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Tackle Tinnitus With This Ultimate Checklist

Photo of man tackling tinnitus metaphorically when he's really tackling a quarterback.

Tinnitus is a condition that affects more than 45 million people in this country, according to the National Tinnitus Association. If you have it, don’t worry you are not alone. There is no cure, and it’s not absolutely obvious why some people get tinnitus. Discovering ways to deal with it is the trick to living with it, for many. An excellent place to start to tackle tinnitus is the ultimate checklist.

Understanding Tinnitus

About one in five people have tinnitus and can hear sounds that no one else can hear. Medically, tinnitus is defined as the perception of a phantom sound caused by an underlying medical issue. In other words, it’s a symptom, not an illness itself.

The most common reason people get tinnitus is loss of hearing. The brain is trying to fill in some gaps and that’s one way of thinking of it. Most of the time, your mind works to translate the sound you hear and then decides if you need to know about it. For example, your spouse talking to you is just sound waves until the inner ear changes them into electrical impulses. The brain translates the electrical signals into words that you can understand.

You don’t actually “hear” all the sound that is around you. The brain filters out the noise it doesn’t think is important to you. You may not hear the wind blowing, as an example. Because it’s not important, the brain masks the sound of it as it passes by your ears even though you can feel it. If you were able to listen to every sound, it would be both distracting and confusing.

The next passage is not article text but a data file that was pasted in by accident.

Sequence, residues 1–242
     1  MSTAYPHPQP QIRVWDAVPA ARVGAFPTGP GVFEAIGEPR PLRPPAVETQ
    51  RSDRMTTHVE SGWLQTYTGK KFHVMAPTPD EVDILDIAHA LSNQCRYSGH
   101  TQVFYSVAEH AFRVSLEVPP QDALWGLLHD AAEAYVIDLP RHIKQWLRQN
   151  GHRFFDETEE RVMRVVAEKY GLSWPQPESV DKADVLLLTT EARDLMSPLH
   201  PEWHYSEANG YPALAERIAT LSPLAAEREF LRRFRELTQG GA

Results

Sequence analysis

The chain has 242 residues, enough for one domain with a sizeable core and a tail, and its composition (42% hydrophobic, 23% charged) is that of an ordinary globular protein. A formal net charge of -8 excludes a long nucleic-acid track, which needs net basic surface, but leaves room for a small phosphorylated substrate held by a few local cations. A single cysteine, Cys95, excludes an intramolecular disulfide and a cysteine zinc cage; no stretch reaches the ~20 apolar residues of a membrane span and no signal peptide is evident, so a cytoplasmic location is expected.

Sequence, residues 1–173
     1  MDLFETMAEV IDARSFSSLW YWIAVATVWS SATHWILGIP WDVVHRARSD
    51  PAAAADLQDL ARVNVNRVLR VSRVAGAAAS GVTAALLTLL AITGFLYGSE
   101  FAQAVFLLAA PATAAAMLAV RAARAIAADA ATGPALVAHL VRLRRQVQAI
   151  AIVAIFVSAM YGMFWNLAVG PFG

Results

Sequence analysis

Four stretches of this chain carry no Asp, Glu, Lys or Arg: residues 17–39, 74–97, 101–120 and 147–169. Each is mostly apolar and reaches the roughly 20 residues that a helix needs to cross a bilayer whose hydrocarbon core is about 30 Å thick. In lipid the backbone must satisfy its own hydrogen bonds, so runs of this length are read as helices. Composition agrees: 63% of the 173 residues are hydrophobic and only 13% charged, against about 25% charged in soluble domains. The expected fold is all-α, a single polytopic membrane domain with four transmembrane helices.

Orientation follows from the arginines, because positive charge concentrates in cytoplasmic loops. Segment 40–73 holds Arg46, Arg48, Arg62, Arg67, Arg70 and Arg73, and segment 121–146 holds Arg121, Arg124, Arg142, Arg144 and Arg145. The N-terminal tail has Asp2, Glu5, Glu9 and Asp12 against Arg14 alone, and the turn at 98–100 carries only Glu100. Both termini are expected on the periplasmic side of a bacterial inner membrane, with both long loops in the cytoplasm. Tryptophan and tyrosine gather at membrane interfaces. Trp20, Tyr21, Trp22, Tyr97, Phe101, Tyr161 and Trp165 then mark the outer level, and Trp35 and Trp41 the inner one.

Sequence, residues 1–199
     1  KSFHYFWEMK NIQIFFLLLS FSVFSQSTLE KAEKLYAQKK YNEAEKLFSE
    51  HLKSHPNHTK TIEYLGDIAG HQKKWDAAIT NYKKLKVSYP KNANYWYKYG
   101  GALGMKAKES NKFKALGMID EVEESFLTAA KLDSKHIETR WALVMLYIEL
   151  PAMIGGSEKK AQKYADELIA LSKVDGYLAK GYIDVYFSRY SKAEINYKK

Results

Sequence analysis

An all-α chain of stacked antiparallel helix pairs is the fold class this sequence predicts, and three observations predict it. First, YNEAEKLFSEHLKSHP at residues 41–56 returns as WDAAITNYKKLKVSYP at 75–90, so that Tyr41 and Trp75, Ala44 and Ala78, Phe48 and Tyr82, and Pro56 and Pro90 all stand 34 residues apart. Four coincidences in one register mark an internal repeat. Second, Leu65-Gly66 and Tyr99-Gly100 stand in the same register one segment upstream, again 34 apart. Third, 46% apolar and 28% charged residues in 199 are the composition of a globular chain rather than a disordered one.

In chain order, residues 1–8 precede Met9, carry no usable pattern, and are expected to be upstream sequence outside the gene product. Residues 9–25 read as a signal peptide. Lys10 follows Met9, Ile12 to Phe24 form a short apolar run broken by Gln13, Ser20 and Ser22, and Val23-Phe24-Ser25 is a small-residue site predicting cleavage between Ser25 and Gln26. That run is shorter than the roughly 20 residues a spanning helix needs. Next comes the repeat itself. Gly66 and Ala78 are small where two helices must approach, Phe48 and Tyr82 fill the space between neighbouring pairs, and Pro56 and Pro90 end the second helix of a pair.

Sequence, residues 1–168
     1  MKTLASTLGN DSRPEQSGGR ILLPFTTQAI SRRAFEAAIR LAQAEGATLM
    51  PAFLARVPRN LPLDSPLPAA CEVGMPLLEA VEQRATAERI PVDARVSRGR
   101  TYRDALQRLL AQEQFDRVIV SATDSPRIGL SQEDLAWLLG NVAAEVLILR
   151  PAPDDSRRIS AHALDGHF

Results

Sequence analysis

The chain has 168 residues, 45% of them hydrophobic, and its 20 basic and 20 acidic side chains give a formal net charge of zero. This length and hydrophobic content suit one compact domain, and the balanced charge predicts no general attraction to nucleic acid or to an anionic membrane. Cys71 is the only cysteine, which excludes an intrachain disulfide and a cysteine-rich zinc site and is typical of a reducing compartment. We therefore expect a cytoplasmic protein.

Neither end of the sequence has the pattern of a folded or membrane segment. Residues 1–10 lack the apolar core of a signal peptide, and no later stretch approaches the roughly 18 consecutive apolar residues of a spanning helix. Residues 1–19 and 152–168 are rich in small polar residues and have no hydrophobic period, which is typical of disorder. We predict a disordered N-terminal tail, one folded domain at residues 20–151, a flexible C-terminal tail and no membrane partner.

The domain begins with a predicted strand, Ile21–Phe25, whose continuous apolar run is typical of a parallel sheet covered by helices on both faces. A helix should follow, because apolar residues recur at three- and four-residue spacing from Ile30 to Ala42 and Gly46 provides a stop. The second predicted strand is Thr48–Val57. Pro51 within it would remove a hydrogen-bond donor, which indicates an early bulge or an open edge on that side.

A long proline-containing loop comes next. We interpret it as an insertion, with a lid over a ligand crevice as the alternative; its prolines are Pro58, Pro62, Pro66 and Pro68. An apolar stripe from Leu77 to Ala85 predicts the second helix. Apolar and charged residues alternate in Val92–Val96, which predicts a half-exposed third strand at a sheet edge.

When someone suffers from certain types of hearing loss, there are less electrical impulses for the brain to interpret. The brain expects them, but due to damage in the inner ear, they never arrive. When that takes place, the brain may try to generate a sound of its own to fill that space.

For tinnitus suffers, that sound is:

  • Buzzing
  • Roaring
  • Hissing
  • Clicking
  • Ringing

The phantom noise might be high pitched, low pitched, loud or soft.

Hearing loss is not the only reason you could have tinnitus. Here are some other possible causes:

  • Malformed capillaries
  • High blood pressure
  • Meniere’s disease
  • Earwax build up
  • Ear bone changes
  • Medication
  • Head injury
  • Acoustic neuroma
  • TMJ disorder
  • Neck injury
  • Loud noises near you
  • Atherosclerosis
  • Tumor in the head or neck
  • Poor blood flow in the neck

Although physically harmless, tinnitus is linked to anxiety and depression and can cause problems like difficulty sleeping and high blood pressure.

Prevention is Your Ear’s Best Friend

Prevention is how you prevent a problem as with most things. Protecting your ears decreases your chance of hearing loss later in life. Check out these tips to protect your ears:

  • Consulting a doctor if you have an ear infection.
  • Spending less time using headphones or earbuds.